Monotony has become a fixture around here. I had been told to be on alert for it, but it seems like I’ve got to learn for myself.
With any chronic illness there can be something tedious and routine about life. To have a physical or mental illness can be acutely painful. But interspersed between the pain is the sheer weariness of the afflicted. It can be intense and intrusive. It is the drudgery of depression.
The sheer boredom of my illness is killing me. Everyday is the same and the foreseeable future holds little hope of it changing. Now I’m a reasonably sedate person. I don’t need a lot of excitement. (I like a good book and a cup of tea.) I’m not after adventure, but I don’t care too much for monotony either.
Brain-numbing existence is quite common. It is often seen in a “trivial” life.
- the single mom working as a secretary
- the man mopping floors
- the college grad frying burgers
- the resident at an old folks home
These situations seem inescapable. We see ourselves locked into a situation where escape is not possible. We are consigned to do whatever our circumstances dictate. We’re all trapped. Pure and simple. We can find no meaning in our lives; we start to despair, “Will it ever be different?”
I believe the drabness of our lives can often be attributed to a lack of intimacy with the Lord Jesus, We are built for fellowship with God, and anything else is just “treading water.” Nothing satisfies, except Him present.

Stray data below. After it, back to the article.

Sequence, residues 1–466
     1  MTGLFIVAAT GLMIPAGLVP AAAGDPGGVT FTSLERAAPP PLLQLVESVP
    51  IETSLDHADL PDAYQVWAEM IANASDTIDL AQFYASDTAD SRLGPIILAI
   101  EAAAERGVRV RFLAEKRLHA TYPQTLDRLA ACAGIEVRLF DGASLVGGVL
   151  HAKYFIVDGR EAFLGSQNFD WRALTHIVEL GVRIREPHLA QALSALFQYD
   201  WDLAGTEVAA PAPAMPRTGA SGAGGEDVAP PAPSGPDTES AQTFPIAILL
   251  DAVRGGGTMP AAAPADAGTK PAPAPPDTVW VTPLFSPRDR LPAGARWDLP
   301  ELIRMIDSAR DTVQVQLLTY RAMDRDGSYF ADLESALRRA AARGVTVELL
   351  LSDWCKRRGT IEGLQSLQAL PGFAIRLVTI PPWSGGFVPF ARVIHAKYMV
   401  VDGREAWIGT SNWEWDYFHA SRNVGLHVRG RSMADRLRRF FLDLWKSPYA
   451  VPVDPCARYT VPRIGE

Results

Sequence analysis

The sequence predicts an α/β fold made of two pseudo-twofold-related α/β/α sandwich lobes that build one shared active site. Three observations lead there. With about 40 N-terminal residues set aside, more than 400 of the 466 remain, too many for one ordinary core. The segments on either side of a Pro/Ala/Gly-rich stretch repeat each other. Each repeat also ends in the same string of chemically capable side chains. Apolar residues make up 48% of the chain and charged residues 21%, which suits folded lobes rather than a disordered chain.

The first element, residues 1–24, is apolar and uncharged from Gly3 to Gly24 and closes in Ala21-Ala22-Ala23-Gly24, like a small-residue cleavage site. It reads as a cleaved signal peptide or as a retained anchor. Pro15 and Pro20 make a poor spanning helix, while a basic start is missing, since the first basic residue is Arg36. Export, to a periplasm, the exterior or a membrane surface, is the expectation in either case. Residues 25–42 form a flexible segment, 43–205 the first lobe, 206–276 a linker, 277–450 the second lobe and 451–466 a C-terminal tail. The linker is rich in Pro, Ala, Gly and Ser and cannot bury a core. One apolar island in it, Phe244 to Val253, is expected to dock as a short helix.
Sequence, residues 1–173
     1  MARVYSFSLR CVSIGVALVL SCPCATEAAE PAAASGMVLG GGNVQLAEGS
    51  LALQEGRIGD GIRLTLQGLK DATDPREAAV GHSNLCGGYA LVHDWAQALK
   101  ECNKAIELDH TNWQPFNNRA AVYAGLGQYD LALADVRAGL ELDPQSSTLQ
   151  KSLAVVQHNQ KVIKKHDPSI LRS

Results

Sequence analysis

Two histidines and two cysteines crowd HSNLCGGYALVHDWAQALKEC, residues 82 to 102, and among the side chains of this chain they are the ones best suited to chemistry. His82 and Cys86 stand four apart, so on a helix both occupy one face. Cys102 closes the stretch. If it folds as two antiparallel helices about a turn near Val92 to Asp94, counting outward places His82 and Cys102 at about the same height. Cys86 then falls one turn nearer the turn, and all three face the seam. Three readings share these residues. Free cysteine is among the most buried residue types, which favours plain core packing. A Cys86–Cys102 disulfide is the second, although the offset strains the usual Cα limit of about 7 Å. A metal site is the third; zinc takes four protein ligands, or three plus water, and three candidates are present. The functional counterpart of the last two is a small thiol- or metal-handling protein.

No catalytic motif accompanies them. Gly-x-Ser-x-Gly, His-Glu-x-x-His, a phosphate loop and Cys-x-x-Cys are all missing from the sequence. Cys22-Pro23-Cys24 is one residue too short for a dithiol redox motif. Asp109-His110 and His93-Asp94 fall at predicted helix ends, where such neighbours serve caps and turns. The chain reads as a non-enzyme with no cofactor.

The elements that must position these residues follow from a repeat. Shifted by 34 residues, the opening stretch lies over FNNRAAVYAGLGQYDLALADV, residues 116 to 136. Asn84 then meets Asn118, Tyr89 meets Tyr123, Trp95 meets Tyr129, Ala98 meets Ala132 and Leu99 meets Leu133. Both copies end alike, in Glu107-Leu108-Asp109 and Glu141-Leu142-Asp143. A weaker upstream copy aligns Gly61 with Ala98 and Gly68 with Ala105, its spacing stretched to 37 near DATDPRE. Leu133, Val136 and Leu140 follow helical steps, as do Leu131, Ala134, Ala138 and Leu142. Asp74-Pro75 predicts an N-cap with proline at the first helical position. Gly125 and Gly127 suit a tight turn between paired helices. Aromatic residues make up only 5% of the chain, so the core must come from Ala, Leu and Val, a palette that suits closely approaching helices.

When I’m filled with hopelessness, I often find myself filling the emptiness with anything I can find. This usually leads to even more “sadness” and deadness inside.
When I ponder my hopelessness I feel like giving up. I simply don’t want to take another step into the doldrums of what my life has become. I despair that life will continue its “suffering grind.”
Joy is what I must have to survive, “The joy of the Lord is your strength” (Neh. 8:10). I don’t have to dwell in the grey drabness of hopelessness. My heart can find a reason to “sing to the Lord.”
The Holy Spirit understands our “brokenness.” Jesus is interceding for us at this very moment, and I can rise above this tedious “mess” I have made for myself. This is the only way out for me. Depression is a form of suffering. I give this to Him.